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John Milton (1608-1674)

Paradise Regain'd: Book I (1671)


              1I Who e're while the happy Garden sung,
              2By one mans disobedience lost, now sing
              3Recover'd Paradise to all mankind,
              4By one mans firm obedience fully tri'd
              5Through all temptation, and the Tempter foil'd
              6In all his wiles, defeated and repuls't,
              7And Eden rais'd in the wast Wilderness.
              8  Thou Spirit who ledst this glorious Eremite
              9Into the Desert, his Victorious Field
            10Against the Spiritual Foe, and broughtst him thence
            11By proof the undoubted Son of God, inspire,
            12As thou art wont, my prompted Song else mute,
            13And bear through highth or depth of natures bounds
            14With prosperous wing full summ'd to tell of deeds
            15Above Heroic, though in secret done,
            16And unrecorded left through many an Age,
            17Worthy t'have not remain'd so long unsung.
            18  Now had the great Proclaimer with a voice
            19More awful then the sound of Trumpet, cri'd
            20Repentance, and Heavens Kingdom nigh at hand
            21To all Baptiz'd: to his great Baptism flock'd
            22With aw the Regions round, and with them came
            23From Nazareth the Son of Joseph deem'd
            24To the flood Jordan, came as then obscure,
            25Unmarkt, unknown; but him the Baptist soon
            26Descri'd, divinely warn'd, and witness bore
            27As to his worthier, and would have resign'd
            28To him his Heavenly Office, nor was long
            29His witness unconfirm'd: on him baptiz'd
            30Heaven open'd, and in likeness of a Dove
            31The Spirit descended, while the Fathers voice
            32From Heav'n pronounc'd him his beloved Son.
            33That heard the Adversary, who roving still
            34About the world, at that assembly fam'd
            35Would not be last, and with the voice divine
            36Nigh Thunder-struck, th' exalted man, to whom
            37Such high attest was giv'n, a while survey'd
            38With wonder, then with envy fraught and rage
            39Flies to his place, nor rests, but in mid air
            40To Councel summons all his mighty Peers,
            41Within thick Clouds and dark ten-fold involv'd,
            42A gloomy Consistory; and them amidst
            43With looks agast and sad he thus bespake.
            44  O ancient Powers of Air and this wide world,
            45For much more willingly I mention Air,
            46This our old Conquest, then remember Hell
            47Our hated habitation; well ye know
            48How many Ages, as the years of men,
            49This Universe we have possest, and rul'd
            50In manner at our will th' affairs of Earth,
            51Since Adam and his facil consort Eve
            52Lost Paradise deceiv'd by me, though since
            53With dread attending when that fatal wound
            54Shall be inflicted by the Seed of Eve
            55Upon my head, long the decrees of Heav'n
            56Delay, for longest time to him is short;
            57And now too soon for us the circling hours
            58This dreaded time have compast, wherein we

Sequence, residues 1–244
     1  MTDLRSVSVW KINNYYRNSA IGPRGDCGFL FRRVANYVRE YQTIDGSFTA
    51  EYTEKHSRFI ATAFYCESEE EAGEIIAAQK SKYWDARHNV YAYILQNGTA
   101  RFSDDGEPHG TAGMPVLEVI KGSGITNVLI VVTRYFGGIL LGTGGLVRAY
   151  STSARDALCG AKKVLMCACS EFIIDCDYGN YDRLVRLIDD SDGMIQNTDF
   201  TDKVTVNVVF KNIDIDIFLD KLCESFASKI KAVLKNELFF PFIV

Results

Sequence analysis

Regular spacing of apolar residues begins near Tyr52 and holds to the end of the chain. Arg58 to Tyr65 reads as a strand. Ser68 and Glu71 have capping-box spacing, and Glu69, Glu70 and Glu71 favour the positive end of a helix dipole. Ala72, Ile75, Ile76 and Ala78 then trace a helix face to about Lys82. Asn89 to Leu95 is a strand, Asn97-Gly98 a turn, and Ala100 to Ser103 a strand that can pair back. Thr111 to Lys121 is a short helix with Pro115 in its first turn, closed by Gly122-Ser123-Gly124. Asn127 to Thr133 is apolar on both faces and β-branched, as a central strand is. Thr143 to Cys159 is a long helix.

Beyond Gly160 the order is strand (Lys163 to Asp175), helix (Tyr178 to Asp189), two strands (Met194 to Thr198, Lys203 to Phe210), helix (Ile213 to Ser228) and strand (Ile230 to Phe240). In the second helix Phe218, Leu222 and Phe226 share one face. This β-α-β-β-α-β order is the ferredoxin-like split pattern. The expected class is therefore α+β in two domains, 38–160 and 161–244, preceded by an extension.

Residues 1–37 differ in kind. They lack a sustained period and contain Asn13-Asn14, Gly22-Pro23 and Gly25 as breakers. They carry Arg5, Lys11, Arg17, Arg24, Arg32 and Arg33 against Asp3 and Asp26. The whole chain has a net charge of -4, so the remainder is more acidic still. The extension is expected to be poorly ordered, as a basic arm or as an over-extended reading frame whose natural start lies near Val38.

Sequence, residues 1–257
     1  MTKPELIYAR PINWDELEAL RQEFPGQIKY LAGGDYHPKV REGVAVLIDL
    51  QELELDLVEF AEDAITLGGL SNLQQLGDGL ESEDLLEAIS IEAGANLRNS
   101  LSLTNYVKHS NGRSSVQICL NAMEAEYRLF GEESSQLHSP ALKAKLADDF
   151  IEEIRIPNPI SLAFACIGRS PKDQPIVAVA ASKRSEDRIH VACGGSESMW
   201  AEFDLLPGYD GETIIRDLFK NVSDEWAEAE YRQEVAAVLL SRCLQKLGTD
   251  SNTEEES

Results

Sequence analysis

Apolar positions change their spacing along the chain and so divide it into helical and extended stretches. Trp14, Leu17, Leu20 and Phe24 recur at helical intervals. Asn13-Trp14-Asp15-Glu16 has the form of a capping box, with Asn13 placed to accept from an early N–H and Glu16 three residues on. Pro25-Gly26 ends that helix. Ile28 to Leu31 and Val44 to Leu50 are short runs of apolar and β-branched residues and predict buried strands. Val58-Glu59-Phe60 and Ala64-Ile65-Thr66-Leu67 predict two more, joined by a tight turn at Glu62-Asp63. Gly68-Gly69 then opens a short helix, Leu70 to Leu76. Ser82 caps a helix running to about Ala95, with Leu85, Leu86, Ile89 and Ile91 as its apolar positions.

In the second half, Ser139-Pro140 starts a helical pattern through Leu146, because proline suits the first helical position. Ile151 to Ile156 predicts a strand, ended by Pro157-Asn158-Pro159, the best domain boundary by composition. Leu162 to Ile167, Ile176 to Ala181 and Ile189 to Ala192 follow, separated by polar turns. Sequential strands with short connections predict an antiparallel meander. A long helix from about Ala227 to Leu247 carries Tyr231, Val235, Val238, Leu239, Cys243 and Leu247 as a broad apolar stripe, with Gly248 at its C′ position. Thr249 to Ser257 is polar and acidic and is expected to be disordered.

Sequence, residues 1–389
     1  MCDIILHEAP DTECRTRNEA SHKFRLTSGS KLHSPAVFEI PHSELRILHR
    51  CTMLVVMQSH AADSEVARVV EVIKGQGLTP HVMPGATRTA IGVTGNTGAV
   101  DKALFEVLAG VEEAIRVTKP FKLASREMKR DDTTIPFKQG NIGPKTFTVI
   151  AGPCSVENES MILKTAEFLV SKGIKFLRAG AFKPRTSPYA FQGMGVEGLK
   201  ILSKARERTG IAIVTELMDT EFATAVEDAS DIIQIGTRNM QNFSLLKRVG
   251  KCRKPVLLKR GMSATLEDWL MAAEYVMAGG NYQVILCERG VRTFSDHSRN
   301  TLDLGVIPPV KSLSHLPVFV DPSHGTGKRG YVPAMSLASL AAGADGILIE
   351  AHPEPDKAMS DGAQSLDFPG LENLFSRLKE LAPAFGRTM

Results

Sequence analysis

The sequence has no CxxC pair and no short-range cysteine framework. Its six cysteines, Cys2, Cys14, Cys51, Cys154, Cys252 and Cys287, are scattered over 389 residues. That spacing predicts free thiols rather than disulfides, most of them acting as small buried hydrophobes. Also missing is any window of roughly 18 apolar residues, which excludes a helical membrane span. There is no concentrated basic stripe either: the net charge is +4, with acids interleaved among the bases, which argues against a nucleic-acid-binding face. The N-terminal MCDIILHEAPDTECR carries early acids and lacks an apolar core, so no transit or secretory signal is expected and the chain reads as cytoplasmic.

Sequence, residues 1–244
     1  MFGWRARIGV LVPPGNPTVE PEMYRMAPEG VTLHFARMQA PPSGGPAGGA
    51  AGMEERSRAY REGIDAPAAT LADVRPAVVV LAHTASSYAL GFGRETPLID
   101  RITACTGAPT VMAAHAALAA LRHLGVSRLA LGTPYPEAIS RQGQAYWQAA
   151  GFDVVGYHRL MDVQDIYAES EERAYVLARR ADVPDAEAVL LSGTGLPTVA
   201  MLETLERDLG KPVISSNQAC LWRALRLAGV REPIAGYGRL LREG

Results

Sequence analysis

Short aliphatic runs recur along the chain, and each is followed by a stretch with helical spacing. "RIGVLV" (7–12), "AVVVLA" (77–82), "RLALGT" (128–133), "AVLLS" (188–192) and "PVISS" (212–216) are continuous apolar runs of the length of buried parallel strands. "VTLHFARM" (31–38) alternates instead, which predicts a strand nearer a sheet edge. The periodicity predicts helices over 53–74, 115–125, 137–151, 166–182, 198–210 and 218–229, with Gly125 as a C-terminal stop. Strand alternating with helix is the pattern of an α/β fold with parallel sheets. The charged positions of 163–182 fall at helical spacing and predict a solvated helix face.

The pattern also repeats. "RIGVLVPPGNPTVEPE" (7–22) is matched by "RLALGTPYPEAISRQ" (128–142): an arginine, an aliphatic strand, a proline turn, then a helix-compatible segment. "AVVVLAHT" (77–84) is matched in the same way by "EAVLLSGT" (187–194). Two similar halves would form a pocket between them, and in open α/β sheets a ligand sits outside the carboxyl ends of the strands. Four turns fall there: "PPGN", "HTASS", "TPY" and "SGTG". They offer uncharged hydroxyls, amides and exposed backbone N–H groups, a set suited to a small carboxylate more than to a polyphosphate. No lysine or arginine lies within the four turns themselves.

59Must bide the stroak of that long threatn'd wound,
            60At least if so we can, and by the head
            61Broken be not intended all our power
            62To be infring'd, our freedom and our being.
            63In this fair Empire won of Earth and Air;
            64For this ill news I bring, the Womans seed
            65Destin'd to this, is late of woman born,
            66His birth to our just fear gave no small cause,
            67But his growth now to youths full flowr, displaying
            68All vertue, grace and wisdom to atchieve
            69Things highest, greatest, multiplies my fear.
            70Before him a great Prophet, to proclaim
            71His coming, is sent Harbinger, who all
            72Invites, and in the Consecrated stream
            73Pretends to wash off sin, and fit them so
            74Purified to receive him pure, or rather
            75To do him honour as their King; all come,
            76And he himself among them was baptiz'd,
            77Not thence to be more pure, but to receive
            78The testimony of Heaven, that who he is
            79Thenceforth the Nations may not doubt; I saw
            80The Prophet do him reverence, on him rising
            81Out of the water, Heav'n above the Clouds
            82Unfold her Crystal Dores, thence on his head
            83A perfect Dove descend, what e're it meant,
            84And out of Heav'n the Sov'raign voice I heard,
            85This is my Son belov'd, in him am pleas'd.
            86His Mother then is mortal, but his Sire,
            87He who obtains the Monarchy of Heav'n,
            88And what will he not do to advance his Son?
            89His first-begot we know, and sore have felt,
            90When his fierce thunder drove us to the deep;
            91Who this is we must learn, for man he seems
            92In all his lineaments, though in his face
            93The glimpses of his Fathers glory shine.
            94Ye see our danger on the utmost edge
            95Of hazard, which admits no long debate,
            96But must with something sudden be oppos'd,
            97Not force, but well couch't fraud, well woven snares,
            98E're in the head of Nations he appear
            99Their King, their Leader, and Supream on Earth.